Tessa Murray • Aug 01, 2019
As an aspiring future psychologist, I am soaking up some knowledge regarding the different types of psychological treatments available. If you look around other sections of our website (which we encourage you to to!) you will notice that the SJPC Psychologists emphasize the fact that they provide evidence-based treatment (EBT) for psychological disorders. The following blog post will provide some information about what they mean by EBT and why this is important to consider when choosing a therapist.
What is Evidence-based Treatment?
EBT is defined as treatment that is back up by scientific evidence. What does that mean? It means that rigorous (i.e.,good quality) research studies have been conducted on a particular treatment methodology and has supported its effectiveness for a particular disorder. Psychologists are particularly skilled at conducting and interpreting research studies, which means at the SJPC you can be guaranteed to be provided well-supported treatment.
What are some goals and benefits to EBT?
Our goal at the SJPC is to help clients meet their needs - whether that is coping with a psychological disorder such as depression or anxiety, or simply improving their life with skill development (i.e., assertive communication, setting appropriate boundaries). EBT ensures that the treatment clients are paying for have been shown not only to be effective but also not harmful for the clients (i.e., causes significant distress, results in no improvement in symptoms which might lead clients to believe therapy doesn't work). Another benefit of EBT is that clients undergoing this type of treatment will likely spend less time getting treatment than clients who are undergoing treatment plans which have not been proven.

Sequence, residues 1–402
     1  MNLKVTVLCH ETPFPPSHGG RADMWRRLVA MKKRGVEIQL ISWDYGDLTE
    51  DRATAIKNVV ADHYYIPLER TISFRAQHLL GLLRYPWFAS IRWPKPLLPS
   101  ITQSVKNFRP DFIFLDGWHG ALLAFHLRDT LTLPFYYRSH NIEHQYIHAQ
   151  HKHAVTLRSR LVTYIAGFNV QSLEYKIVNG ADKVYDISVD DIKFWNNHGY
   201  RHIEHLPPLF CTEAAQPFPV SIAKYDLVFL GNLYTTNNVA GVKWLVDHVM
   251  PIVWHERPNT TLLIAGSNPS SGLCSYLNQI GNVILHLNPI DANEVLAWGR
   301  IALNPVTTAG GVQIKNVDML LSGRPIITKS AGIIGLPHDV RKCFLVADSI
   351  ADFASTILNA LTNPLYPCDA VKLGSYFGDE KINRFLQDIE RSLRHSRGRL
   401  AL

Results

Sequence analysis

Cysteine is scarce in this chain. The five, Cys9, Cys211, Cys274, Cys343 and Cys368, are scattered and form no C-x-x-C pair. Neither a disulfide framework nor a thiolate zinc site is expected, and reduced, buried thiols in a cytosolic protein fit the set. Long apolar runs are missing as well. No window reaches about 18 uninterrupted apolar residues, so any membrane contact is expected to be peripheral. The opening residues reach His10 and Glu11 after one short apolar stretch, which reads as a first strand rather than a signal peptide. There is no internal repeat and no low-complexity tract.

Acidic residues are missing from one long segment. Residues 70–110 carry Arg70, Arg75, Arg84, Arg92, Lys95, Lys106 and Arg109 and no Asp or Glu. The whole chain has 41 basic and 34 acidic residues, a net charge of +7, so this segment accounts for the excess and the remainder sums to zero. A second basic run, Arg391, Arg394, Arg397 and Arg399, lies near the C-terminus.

So, is EBT guaranteed to cure my psychological difficulties?
There are many types of EBT available and what a psychologist offers will vary according to the clinical issue, their training, and the client's needs. Psychotherapy is never 'one size fits all', and what works best for one person will not necessarily work for everyone (even if it is evidence-based). Also, keep in mind that other factors also play a role in therapeutic success - including the relationship between the client and therapist, client motivation and/or the readiness to change, and the amount of work done in and outside of session.
What is an example of EBT?
An example of EBT is Cognitive-behavioural therapy (CBT), which is a form of psychotherapy that helps clients manage their emotional distress by identifying and challenging unhelpful and/or unhealthy thinking styles (cognitive) and by encouraging more adaptive and/or healthier behaviours (behavioural). CBT has shown that by changing the way you think and act, you can also change how you feel. As opposed to other type of treatment that may focus on looking into the past to acquire a better understanding of current feeling, CBT focuses on the present thoughts and beliefs.
**CBT is just one example of EBT and is one style used by all psychologists on the SJPC staff.